This week Swedish developer Daniel Stenberg posted a remarkable reflection on the 20th anniversary of his command-line data tool, cURL: curl was adopted in Red Hat Linux in late 1998, became a Debian package in May 1999, shipped in Mac OS X 10.1 in August 2001. Today, it is also shipped by default in Windows 10 and in iOS and Android devices. Not to mention the game consoles, Nintendo Switch, Xbox and Sony PS5. Amusingly, libcurl is used by the two major mobile OSes but not provided as an API by them, so lots of apps, including many extremely large volume apps bundle their own libcurl build: YouTube, Skype, Instagram, Spotify, Google Photos, Netflix etc. Meaning that most smartphone users today have many separate curl installations in their phones. Further, libcurl is used by some of the most played computer games of all times: GTA V, Fortnite, PUBG mobile, Red Dead Redemption 2 etc. libcurl powers media players and set-top boxes such as Roku, Apple TV by maybe half a billion TVs. curl and libcurl ships in virtually every Internet server and is the default transfer engine in PHP, which is found in almost 80% of the world's almost two billion websites. Cars are Internet-connected now. libcurl is used in virtually every modern car these days to transfer data to and from the vehicles. Then add media players, kitchen and medical devices, printers, smart watches and lots of "smart"; IoT things. Practically speaking, just about every Internet-connected device in existence runs curl. I'm convinced I'm not exaggerating when I claim that curl exists in over ten billion installations world-wide... Those 300 lines of code in late 1996 have grown to 172,000 lines in March 2021. Stenberg attributes cURL's success to persistence. "We hold out. We endure and keep polishing. We're here for the long run. It took me two years (counting from the precursors) to reach 300 downloads. It took another ten or so until it was really widely available and used." But he adds that 22 different CPU architectures and 86 different operating systems are now known to have run curl. In a later blog post titled "GitHub Steel," Stenberg also reveals that GitHub gave him a 3D-printed steel version of his 2020 GitHub contribution matrix — accompanied by a friendly note. "Please accept this small gift as a token of appreciation on behalf of all of us here at GitHub, and everyone who benefits from your work."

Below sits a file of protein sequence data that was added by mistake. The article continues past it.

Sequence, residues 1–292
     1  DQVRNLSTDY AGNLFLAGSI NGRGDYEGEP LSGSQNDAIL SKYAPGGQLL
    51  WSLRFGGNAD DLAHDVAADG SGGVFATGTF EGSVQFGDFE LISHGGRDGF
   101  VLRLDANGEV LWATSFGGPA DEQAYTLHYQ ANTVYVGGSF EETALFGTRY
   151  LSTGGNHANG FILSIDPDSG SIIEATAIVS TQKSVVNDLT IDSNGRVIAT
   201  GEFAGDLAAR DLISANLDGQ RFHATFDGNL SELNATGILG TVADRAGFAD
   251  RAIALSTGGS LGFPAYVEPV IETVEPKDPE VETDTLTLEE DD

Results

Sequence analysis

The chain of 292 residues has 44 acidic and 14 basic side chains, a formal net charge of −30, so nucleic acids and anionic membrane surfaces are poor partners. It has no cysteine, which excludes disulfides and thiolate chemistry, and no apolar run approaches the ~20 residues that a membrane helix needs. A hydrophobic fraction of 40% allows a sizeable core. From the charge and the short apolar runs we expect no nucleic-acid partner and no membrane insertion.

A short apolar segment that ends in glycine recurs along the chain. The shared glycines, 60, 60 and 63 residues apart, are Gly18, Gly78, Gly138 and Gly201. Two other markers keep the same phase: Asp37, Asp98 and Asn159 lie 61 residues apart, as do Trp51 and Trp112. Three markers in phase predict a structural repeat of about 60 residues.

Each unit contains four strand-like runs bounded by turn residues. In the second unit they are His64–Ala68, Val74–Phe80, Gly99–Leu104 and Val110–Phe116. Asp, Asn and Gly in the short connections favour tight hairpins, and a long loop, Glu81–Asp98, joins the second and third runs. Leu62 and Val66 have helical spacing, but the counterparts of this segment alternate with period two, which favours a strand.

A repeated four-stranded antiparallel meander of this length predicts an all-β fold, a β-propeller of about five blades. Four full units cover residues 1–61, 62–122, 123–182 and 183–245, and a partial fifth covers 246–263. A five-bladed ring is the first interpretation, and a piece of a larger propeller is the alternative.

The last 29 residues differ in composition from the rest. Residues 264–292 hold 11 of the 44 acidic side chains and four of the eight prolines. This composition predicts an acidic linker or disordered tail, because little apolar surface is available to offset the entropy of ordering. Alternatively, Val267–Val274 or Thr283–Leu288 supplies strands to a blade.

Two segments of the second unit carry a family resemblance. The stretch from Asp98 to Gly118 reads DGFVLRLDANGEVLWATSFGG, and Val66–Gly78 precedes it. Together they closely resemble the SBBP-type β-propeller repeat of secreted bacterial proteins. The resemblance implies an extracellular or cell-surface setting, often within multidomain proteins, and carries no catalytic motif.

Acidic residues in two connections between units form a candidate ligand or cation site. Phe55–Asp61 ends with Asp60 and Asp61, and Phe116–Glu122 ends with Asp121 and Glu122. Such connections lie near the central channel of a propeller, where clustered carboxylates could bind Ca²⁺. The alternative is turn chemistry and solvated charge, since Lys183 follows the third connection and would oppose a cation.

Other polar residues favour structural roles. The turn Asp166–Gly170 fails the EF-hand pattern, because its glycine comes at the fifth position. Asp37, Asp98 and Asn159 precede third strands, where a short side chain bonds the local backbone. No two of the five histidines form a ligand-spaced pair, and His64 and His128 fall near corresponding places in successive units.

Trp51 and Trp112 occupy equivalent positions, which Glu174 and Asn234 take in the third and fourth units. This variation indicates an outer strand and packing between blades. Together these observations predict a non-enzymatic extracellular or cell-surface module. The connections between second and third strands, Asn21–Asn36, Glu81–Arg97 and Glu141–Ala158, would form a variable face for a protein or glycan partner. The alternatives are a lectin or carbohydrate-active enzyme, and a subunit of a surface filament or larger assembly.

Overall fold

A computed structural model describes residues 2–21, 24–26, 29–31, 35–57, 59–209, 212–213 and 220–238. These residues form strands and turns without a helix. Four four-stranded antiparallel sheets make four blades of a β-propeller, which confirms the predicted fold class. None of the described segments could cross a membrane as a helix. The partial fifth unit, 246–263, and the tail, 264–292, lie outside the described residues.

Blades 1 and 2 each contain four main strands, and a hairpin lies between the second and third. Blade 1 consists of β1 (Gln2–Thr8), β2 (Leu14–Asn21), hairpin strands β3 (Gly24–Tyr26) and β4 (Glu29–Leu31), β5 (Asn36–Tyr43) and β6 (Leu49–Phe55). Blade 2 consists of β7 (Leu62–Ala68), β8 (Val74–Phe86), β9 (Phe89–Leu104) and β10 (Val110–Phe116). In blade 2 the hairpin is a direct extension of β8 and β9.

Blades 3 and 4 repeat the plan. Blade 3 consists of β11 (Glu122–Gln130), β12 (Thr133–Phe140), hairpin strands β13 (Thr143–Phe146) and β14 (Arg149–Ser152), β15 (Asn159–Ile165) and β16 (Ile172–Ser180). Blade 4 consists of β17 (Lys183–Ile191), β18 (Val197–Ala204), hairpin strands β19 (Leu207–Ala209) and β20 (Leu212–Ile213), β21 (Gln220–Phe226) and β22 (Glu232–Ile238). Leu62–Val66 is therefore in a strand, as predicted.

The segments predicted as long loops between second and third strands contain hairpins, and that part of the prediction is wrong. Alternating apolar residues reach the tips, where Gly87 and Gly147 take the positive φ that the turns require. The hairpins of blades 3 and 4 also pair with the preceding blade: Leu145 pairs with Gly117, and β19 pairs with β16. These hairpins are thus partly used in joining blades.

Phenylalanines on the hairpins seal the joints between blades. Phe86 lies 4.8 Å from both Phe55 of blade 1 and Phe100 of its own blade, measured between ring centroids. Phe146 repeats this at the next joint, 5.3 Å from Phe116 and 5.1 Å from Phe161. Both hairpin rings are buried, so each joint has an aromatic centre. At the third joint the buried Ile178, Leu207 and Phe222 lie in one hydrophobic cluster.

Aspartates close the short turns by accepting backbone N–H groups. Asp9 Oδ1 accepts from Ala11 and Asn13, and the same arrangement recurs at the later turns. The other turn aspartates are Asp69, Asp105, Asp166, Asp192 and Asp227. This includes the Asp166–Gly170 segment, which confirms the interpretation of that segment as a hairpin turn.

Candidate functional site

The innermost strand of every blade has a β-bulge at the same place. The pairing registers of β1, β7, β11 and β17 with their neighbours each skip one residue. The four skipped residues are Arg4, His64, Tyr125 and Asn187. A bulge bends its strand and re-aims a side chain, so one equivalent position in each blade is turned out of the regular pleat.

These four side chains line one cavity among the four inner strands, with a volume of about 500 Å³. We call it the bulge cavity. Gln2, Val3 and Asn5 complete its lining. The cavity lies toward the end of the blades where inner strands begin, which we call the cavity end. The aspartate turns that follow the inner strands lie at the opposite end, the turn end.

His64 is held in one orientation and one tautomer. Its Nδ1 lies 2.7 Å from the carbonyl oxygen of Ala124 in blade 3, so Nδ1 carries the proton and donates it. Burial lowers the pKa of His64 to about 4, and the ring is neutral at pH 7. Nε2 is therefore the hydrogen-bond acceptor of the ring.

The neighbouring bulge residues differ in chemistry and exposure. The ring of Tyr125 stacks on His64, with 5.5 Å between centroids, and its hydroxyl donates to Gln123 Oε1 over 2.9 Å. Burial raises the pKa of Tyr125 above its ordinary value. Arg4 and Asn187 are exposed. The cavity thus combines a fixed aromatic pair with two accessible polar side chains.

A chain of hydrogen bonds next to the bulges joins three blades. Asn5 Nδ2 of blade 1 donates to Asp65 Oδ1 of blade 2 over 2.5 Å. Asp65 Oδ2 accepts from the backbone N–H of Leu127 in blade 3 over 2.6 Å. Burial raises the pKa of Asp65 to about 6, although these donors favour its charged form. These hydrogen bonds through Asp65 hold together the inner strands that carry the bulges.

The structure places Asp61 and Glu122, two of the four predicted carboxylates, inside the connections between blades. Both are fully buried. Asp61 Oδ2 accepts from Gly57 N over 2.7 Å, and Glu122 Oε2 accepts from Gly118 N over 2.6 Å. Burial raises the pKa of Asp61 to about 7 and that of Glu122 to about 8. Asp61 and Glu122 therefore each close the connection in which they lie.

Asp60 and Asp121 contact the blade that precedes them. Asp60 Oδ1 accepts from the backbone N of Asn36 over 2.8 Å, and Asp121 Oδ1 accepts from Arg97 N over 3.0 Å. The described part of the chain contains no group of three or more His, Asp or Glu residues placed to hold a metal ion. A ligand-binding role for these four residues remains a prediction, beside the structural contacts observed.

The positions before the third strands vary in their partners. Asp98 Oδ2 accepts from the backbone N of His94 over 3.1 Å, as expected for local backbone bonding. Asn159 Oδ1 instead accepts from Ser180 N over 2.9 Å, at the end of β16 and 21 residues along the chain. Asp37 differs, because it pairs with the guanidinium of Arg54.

Read more of this story at Slashdot.

Categories: Geek

I made an eInk newspaper

Hacker News - Sun, 03/28/2021 - 11:56
Categories: Geek

OpenSSL Fixes a High-Severity Flaw That Allowed Crashing of Servers

Slashdot - Sun, 03/28/2021 - 11:34
"OpenSSL, the most widely used software library for implementing website and email encryption, has patched a high-severity vulnerability that makes it easy for hackers to completely shut down huge numbers of servers," reports Ars Technica: On Thursday, OpenSSL maintainers disclosed and patched a vulnerability that causes servers to crash when they receive a maliciously crafted request from an unauthenticated end user. CVE-2021-3449, as the denial-of-server vulnerability is tracked, is the result of a null pointer dereference bug. Cryptographic engineer Filippo Valsorda said on Twitter that the flaw could probably have been discovered earlier than now. "Anyway, sounds like you can crash most OpenSSL servers on the Internet today," he added. Hackers can exploit the vulnerability by sending a server a maliciously formed renegotiating request during the initial handshake that establishes a secure connection between an end user and a server... The maintainers have rated the severity high. Researchers reported the vulnerability to OpenSSL on March 17. Nokia developers Peter Kästle and Samuel Sapalski provided the fix. Ars Technica also reports that OpenSSL "fixed a separate vulnerability that, in edge cases, prevented apps from detecting and rejecting TLS certificates that aren't digitally signed by a browser-trusted certificate authority."

Read more of this story at Slashdot.

Categories: Geek

Short Story on AI: Forward Pass

Hacker News - Sun, 03/28/2021 - 11:26
Categories: Geek

Abstract gradient wallpapers for iPhone, iPad, and desktop

iDownloadBlog - Sun, 03/28/2021 - 11:00

These five exclusive wallpapers are first launched on iDB, as a preview of the larger, "Here Comes the Sun Wallpapers" pack by Matt Birchler.
Categories: Geek